Book Review: Ginny Baird’s How to Marry a Matador

Posted August 16, 2014 by Kathy Davie in

I received this book for free from in exchange for an honest review. This does not affect my opinion of the book or the content of my review.

Book Review: Ginny Baird’s How to Marry a Matador

How to Marry a Matador

in eBook edition on October 15, 2012 and has 191 pages.

Explore it on Goodreads or Amazon., Barnes & NobleKobo.

I suspect it’s meant to be the first installment in a series. The couple focus in this one is on Jessica Bloom and Fernando Garcia de la Vega and takes place mostly in La Esperanza del Corazón in Spain.

My Take

Cute and short enough to be a novella at 189 pages. It also has some odd problems.

It’s cute in that Jess gets married on a whim — or is it a subconscious desire? — to the businessman-cum-matador she has been negotiating with for the past six months over the acquisition of his telecommunications business.

There’s a codicil in his paternal grandfather’s will that puts a deadline on Fernando to ensure the family’s continuing. And then we learn that the rancho is from his mother’s side of the family while the techcomm business appears to be his own venture. So what he’d be losing…I don’t know.

There’s the disconnect between Jess not having paid attention to her faith for years, and Fernando thinking she’s religious. All interspersed with the silly tropes of Jess telling Fernando she doesn’t want him and then being pissed because he finally accepts what she’s telling him *eye roll*. Then what’s with the scene in the bullfighting ring? Jess is supposedly intelligent and yet she can’t seem to make that mental connection between bull-in-ring-about-to-charge-her-husband and the fact that he probably needs to concentrate on the more immediate danger? Duhhh… Another reason to question her I.Q. is how slow she is to pick up on the Gemini comment.

For all that, there’s surprisingly little conflict. Yes, I know it’s there in Fernando wanting to stay married and Jess not wanting to. In Jess’ own internal debate. But it’s not really there. You’ll see what I mean if you read this, as everything is la-la land. I suspect the story conflict is supposed to be why Fernando wants this marriage as well as Jess’ experiences in the past. The first is bypassed quickly and the story concentrates on Jess’ issues.

The rancho is worth two billion dollars with vineyards, desert, and bulls raised for the ring with poor villages?

What’s with the flipping back and forth between using Spanish and then not using it? Fernando requests dos café of an old family retainer, and she responds with a query about two. The same servant, I’m assuming she’s Spanish, flips between referring to Fernando’s mother as Señora and Mrs. At the wedding, in Spain mind you, the priest pronounces them Mr. and Mrs. Um, wouldn’t Señor y Señora be more appropriate?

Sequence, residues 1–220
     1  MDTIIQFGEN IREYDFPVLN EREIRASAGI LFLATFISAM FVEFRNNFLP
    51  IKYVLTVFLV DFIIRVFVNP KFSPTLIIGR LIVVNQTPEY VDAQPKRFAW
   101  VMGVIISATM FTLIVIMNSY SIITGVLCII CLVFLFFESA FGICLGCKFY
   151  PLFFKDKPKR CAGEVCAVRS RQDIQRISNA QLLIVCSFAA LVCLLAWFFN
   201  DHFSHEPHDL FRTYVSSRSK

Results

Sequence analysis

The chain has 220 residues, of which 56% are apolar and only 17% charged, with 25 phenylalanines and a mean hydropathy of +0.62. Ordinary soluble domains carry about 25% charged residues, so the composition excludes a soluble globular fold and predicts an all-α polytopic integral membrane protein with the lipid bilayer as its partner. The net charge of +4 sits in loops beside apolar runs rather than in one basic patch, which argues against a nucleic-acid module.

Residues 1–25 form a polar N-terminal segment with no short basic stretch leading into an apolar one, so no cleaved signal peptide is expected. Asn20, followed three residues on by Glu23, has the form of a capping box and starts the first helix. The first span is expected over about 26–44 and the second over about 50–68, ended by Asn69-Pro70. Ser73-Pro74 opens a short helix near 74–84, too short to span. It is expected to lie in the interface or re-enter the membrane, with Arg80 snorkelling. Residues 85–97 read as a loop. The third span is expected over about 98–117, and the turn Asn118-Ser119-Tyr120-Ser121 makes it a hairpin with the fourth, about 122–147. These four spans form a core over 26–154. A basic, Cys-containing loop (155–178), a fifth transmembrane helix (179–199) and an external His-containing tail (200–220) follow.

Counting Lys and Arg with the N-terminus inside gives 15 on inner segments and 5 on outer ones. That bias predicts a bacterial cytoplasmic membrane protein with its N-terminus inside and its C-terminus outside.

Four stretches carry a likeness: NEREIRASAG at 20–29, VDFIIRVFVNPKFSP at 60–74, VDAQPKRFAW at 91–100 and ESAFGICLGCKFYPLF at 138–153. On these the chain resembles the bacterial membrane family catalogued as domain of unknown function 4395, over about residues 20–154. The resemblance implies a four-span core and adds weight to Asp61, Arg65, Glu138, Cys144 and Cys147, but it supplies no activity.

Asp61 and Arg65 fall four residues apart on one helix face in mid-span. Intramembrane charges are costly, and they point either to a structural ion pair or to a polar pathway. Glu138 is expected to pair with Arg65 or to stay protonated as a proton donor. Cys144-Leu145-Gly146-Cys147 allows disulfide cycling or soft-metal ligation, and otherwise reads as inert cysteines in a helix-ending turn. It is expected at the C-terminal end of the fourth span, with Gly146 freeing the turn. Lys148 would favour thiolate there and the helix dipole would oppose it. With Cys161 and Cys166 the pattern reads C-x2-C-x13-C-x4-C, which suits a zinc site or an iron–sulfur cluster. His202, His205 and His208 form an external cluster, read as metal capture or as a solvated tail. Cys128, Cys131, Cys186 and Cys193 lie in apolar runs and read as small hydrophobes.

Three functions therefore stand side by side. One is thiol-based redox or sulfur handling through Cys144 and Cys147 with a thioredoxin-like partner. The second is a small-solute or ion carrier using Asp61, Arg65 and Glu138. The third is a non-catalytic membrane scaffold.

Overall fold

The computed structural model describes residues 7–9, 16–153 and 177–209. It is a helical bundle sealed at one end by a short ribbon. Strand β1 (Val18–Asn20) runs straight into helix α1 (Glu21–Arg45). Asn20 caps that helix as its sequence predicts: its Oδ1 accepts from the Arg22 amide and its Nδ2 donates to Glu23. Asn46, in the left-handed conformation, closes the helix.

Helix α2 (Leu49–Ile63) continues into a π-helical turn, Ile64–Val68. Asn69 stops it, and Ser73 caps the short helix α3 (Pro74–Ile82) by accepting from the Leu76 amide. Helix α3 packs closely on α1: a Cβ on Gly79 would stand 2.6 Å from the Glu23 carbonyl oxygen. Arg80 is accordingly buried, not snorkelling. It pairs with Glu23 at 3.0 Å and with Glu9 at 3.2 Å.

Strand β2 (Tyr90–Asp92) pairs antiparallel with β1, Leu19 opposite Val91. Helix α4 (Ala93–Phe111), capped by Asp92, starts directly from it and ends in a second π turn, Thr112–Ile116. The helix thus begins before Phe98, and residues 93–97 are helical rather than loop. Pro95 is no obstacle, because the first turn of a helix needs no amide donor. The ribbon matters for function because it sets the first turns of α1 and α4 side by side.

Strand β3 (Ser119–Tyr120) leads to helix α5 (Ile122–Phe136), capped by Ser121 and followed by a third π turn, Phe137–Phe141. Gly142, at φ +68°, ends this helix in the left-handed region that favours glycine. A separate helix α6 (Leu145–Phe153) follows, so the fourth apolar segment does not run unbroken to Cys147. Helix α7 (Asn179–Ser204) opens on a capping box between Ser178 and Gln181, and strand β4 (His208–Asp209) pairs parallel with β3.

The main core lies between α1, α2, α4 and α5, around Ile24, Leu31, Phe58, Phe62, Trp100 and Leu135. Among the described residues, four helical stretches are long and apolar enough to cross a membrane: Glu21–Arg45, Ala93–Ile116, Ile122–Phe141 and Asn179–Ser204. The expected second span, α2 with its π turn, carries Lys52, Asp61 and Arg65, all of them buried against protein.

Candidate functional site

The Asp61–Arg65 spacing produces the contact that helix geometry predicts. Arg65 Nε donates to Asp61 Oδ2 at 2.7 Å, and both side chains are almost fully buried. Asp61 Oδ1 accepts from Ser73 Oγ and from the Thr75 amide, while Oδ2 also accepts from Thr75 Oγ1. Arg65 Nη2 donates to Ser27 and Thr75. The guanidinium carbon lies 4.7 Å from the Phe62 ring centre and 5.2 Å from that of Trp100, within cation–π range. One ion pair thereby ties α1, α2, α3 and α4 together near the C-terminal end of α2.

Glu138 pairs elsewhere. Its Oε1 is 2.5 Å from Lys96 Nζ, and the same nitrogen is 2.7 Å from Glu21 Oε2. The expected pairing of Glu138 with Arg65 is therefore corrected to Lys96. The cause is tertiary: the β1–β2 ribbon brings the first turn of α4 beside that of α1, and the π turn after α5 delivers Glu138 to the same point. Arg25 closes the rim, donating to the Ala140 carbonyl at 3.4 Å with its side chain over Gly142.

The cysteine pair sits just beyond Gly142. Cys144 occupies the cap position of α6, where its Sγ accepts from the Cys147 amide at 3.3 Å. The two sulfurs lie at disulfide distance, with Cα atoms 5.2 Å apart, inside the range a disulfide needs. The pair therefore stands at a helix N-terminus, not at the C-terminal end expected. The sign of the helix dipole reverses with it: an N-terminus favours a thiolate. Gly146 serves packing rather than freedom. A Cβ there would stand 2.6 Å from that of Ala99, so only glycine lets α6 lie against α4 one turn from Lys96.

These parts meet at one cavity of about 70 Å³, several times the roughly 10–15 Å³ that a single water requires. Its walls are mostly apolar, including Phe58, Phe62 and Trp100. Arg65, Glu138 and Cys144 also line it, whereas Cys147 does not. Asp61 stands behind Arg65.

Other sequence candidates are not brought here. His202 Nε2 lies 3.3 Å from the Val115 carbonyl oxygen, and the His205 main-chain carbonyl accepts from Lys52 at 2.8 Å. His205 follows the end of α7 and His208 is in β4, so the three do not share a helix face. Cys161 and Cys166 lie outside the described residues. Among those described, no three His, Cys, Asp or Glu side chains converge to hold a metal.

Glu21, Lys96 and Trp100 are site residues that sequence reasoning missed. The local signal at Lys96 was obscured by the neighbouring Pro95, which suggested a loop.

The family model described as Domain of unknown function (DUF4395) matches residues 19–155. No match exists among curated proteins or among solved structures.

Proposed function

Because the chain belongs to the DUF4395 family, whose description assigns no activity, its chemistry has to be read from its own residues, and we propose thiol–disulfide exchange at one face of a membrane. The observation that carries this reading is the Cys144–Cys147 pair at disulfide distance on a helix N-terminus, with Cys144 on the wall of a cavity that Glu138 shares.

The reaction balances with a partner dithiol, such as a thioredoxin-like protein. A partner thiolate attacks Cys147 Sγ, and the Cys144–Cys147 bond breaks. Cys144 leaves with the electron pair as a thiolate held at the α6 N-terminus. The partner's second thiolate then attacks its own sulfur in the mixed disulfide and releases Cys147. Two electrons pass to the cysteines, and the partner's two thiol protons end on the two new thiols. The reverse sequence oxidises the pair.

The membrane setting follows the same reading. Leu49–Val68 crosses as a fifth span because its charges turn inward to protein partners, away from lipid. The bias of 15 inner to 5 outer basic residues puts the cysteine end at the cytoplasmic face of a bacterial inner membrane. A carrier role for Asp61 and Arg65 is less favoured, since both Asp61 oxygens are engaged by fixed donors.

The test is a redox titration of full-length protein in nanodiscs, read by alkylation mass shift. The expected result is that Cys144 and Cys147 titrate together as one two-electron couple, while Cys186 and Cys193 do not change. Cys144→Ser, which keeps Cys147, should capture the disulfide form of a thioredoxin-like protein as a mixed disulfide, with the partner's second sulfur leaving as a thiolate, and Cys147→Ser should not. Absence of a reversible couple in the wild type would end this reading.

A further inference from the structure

Evie rushes to stop Jess and does a sudden about-face, claiming she only came to check on her. But she’s spent all her time here so far, trying to push Jess onto a return flight to New York. WTF?

On the plus side, it is sweet and a story of equals.

The Story

A drunken night of sangria and a handsome man finds Jess married to the man whose company her company is buying out. This wasn’t part of her plan…and besides, no man has ever stayed for her.

The Characters

Jessica Bloom heads up the foreign acquisitions office at Global Financial Telecom. Madeline is her boss. Allen is the ex-boyfriend. Evie Parker is her best friend and works as a general dogsbody in a publishing house. Jess says Evie makes so very little, so I’m curious as to how she rates a platinum credit card.

A successful businessman, Fernando Garcia de la Vega gave up a promising career in the bullring to make one woman happy. Now it looks as if he’ll be giving up the love of his life to make another woman happy. His mother, Ana María, is trying to make the best of it. Margarita is his sister. Consuelo is the housekeeper; Gustavo is her son and almost a brother to Fernando. Don Pedrito seems to be all things. Ernesto Garcia de la Vega is his grandfather and also his father, both famous matadors. Tia Margarita is actually Fernando’s great-aunt; Antonia is her maid. Rudolfo is her puppy. Alejandro is a dangerous and unpredictable bull.

Father Domingo is an old family friend. Brother Emilio taught Fernando his numbers.

The Cover and Title

The cover has a white background with the groom in a black suit carrying his frothily dressed bride carrying her bouquet. A flash of red pulls in the matador side.

The title is how Jessica manages in How to Marry a Matador.